To be short, the knight left the money with her that he had crossed her hand with, and got up again on his horse.

15 As we were riding away, Sir Roger told me, that he knew several sensible people who believed these gipsies now and then foretold very strange things; and for half an hour together appeared more jocund than ordinary. In the height of his good humour, meeting a common 20 beggar upon the road who was no conjurer, as he went to relieve him, he found his pocket was picked; that being a kind of palmistry at which this race of vermin are very dexterous.

I might here entertain my reader with historical re- 25 marks on this idle profligate people, who infest all the countries in Europe, and live in the midst of governments in a kind of commonwealth by themselves. But instead of entering into observations of this nature, I shall fill the remaining part of my paper with a story 30 which is still fresh in Holland, and was printed in one

66 As

of our monthly accounts about twenty years ago. the Trekschuyt, or the hackney boat, which carries passengers from Leyden to Amsterdam, was putting off, a boy running along the side of the canal desired to be 5 taken in ; which the master of the boat refused, because the lad had not quite money enough to pay the usual fare. An eminent merchant being pleased with the looks of the boy, and secretly touched with compassion

towards him, paid the money for him, and ordered him 10 to be taken on board. Upon talking with him after

wards, he found that he could speak readily in three or four languages, and learned upon further examination that he had been stolen away when he was a child by a

gipsy, and had rambled ever since with a gang of these 15 strollers up and down several parts of Europe. It hap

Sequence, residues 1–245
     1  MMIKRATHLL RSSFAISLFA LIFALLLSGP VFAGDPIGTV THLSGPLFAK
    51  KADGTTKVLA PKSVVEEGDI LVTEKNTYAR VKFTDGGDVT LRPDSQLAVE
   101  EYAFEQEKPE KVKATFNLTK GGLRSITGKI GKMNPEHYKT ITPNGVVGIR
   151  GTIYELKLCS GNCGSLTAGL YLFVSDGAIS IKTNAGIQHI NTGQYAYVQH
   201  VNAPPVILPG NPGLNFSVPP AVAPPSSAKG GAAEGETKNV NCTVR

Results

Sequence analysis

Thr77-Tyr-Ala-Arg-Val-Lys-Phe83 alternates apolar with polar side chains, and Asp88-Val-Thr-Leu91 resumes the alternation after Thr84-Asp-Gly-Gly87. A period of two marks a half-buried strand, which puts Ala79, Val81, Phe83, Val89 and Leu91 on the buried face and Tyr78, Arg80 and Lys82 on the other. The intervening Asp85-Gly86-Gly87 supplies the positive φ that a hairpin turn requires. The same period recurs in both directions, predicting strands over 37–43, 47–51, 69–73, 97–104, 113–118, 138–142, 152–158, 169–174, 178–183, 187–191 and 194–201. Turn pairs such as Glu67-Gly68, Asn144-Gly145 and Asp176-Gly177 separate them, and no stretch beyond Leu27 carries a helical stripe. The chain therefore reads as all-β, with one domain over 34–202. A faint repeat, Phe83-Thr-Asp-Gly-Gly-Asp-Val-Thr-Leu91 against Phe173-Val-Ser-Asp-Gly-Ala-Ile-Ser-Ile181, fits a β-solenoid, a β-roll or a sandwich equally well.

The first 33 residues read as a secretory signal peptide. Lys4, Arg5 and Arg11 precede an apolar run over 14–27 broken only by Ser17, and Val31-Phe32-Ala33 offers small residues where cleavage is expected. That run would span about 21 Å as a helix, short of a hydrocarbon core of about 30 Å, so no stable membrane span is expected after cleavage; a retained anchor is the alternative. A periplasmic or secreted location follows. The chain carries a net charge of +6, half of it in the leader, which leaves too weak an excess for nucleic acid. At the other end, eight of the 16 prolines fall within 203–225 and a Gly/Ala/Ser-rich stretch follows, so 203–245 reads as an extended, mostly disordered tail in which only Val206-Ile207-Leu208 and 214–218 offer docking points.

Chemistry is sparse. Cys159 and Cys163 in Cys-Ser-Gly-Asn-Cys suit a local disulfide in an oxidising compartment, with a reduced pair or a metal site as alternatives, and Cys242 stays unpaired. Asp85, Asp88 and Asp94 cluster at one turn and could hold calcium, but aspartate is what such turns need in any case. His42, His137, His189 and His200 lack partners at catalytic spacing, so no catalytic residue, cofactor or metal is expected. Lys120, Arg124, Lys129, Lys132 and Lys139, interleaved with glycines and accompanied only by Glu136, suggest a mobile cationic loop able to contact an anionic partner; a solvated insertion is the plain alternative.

pened that the merchant, whose heart seems to have inclined towards the boy by a secret kind of instinct, had himself lost a child some years before. The par

ents after a long search for him, gave him up for 20 drowned in one of the canals with which that country

abounds; and the mother was so afflicted at the loss of a fine boy, who was her only son, that she died for grief of it. Upon laying together all particulars, and examining the several moles and marks by which the mother used to describe the child when he was first missing, the boy proved to be the son of the merchant whose heart had so unaccountably melted at the sight of him. The lad was very well pleased to find a father who was

so rich, and likely to leave him a good estate : the father 30 on the other hand was not a little delighted to see a

son return to him, whom he had given up for lost, with


such a strength of constitution, sharpness of understanding, and skill of languages." Here the printed story leaves off, but if I may give credit to reports, our linguist, having received such extraordinary rudiments towards a good education, was afterwards trained up in 5 everything that becomes a gentleman ; wearing off by little and little all the vicious habits and practices that he had been used to in the course of his peregrinations ; nay, it is said, that he has since been employed in foreign courts upon national business, with great reputation to to himself and honour to those who sent him, and that he has visited several countries as a public minister, in which he formerly wandered as a gipsy.